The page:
Summer in Illinois can feel unbearably hot, but how hot is that exactly? At 80ºF, Illinoisans can be found enjoying the sunshine and the reprieve from our winters. At 100ºF, Chicagoans complain incessantly as cautionary heat warnings show up on billboards. But what about, 200ºF? Or 1000ºF? These are the real extreme temperatures, and they are so hot that they literally melt rocks. Believe it or not, parts of our very own planet heat up to these temperatures.
To find temperatures like these, temperatures that can melt rocks, you would have to look below the surface of our planet. If you could reach a thermometer with a camera all the way into the center of a volcano, you would be able to observe rocks melting all around you. In fact, it would be so hot that your thermometer would likely melt. And your camera, too.
So what is a volcano exactly?
A volcano is a place where the Earth’s crust has split, allowing liquefied rocks from below the crust (in the mantle) either leak or explode out onto the surface. They form as the result of tectonic plates pulling apart or thinning, or from plumes in volcanic hotspots. Although all volcanoes work this way, this is where the similarities end. Some volcanoes are underwater in trenches, some are under glaciers, and others appear as enormous mountains. Although they come in many varieties, they can all be classified by shape, lava texture, or activity status.
Vulcán de Pacaya: Liquid Rocks in Costa Rica
The typical volcano that most people learn about in school is consists of a giant mountain with red lava exploding out the top. Fortunately, it is relatively rare to see an eruptions that brings up enough lava to form an entire mountain. For example, the Vulcán de Pacaya in Guatemala was fairly dormant for 70 years before it began to erupt again in the 1960s.
Now, it erupts nearly every year. Most of its eruptions are minor events, and on many days, a continuous stream of fiery, liquid rock flows steadily down the mountain, delighting adventurous hikers. Hikers on the Vulcán de Pacaya will find cords of hardening lava, composed mainly of basalt and aluminum, cooling along the trails. After stumbling through piles of ash on the way to the top, hikers who reach the summit will be treated to wondrous views of melted rock flowing down the mountain.
Ring of Fire
The Vulcán de Pacaya is just one of the many active volcanoes in Guatemala. Why does Guatemala, such a small country have so many volcanoes?
Guatemala falls along what is known as the “Ring of Fire.” The Ring of Fire describes a path encircling the Pacific Ocean that hosts 452 volcanoes across parts of Indonesia, Japan, Russia, Alaska, California, Central America, and South America. The Ring of Fire came about because of shifting tectonic plates. As the plates shift, the land splits, leading to volcanic eruptions of varying intensity.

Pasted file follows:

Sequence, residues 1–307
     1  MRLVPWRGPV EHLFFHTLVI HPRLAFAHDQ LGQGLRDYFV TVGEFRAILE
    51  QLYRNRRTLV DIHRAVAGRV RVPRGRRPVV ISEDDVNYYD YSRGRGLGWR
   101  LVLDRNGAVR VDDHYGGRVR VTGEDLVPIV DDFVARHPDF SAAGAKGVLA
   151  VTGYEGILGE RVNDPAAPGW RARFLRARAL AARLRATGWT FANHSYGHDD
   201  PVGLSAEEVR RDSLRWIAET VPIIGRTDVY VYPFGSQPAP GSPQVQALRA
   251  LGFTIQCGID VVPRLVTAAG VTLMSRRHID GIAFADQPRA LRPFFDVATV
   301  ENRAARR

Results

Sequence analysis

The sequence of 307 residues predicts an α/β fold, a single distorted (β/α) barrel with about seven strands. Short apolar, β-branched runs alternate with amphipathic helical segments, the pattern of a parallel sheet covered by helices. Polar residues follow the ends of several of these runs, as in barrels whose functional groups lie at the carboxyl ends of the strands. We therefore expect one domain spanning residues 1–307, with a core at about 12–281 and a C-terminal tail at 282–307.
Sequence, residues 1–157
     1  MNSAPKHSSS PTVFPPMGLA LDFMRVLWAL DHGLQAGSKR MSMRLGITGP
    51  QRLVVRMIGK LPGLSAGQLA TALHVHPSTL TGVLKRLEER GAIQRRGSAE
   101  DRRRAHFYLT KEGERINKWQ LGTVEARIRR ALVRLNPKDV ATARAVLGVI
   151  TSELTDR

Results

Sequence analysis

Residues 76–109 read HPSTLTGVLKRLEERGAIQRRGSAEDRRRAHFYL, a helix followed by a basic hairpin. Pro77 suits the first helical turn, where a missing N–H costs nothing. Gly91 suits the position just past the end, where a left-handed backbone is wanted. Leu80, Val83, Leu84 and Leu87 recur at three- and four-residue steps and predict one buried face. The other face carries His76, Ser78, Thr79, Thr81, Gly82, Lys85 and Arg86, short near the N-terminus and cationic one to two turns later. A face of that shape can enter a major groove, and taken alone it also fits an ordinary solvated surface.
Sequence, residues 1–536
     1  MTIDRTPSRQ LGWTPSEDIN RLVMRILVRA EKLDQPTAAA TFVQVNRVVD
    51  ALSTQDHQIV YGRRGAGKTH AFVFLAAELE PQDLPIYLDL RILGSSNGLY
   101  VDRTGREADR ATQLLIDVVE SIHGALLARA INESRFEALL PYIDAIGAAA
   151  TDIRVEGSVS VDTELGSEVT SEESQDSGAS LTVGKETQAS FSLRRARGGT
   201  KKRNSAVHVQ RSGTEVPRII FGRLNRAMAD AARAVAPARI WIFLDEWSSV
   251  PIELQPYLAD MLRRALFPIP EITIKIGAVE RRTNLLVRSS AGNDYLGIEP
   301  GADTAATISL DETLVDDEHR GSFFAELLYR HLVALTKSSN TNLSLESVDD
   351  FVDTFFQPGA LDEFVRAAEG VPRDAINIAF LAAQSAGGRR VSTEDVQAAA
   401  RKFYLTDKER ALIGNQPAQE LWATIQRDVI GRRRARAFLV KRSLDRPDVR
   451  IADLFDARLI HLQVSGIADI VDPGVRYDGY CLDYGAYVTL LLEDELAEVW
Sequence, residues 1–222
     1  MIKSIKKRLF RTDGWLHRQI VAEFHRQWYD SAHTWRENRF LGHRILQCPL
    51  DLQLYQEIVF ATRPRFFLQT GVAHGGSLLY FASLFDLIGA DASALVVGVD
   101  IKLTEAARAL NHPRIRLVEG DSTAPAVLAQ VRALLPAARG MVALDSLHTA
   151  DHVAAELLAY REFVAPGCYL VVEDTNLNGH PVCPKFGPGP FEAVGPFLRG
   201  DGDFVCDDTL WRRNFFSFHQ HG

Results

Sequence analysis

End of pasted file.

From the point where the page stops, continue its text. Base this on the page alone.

Most of the largest eruptions in the past 11,000 years have taken place along the Ring of Fire (Oppenheimer 2011, Eruptions that Shook the World). Some are so severe that they are classified as “Vesuvian” eruptions, meaning that they devastate nearby towns, often covering them completely in volcanic ash and blocking the sun. From July to December of 2017, the Vulcán de Fuego in Guatemala erupted and exploded every few hours with 12 major eruptive episodes and killed over 100 people and covered the surrounding communities under enormous piles of ash. (You can get involved with ongoing relief efforts here and here.)
On the other side of the Pacific, Indonesia boasts an ever-changing collection of hundreds of islands formed by volcanoes. Indonesia is home to 76 volcanoes – more than any other country in the world. As they erupt over time, new islands form and the land area of the country grows. Such a volatile landscape poses many serious hazards for permanent residents.
One of Indonesia’s largest islands, Java, contains unique volcano called Kawah Ijen, which doesn’t spew typical red lava, but instead spews sulfur. Make no mistake though, all the sulfur coming out of Kawah Ijen is completely melted into liquid, just like any other volcano. But unlike other volcanos, as you approach Kawah Ijen, you start to smell the stinky scent of sulfur and thoughts of rotten eggs come to mind. The smell intensifies as you climb the mountain, and just before your nostrils begin to wish they could close up shop, you reach a station where you can rent gas masks.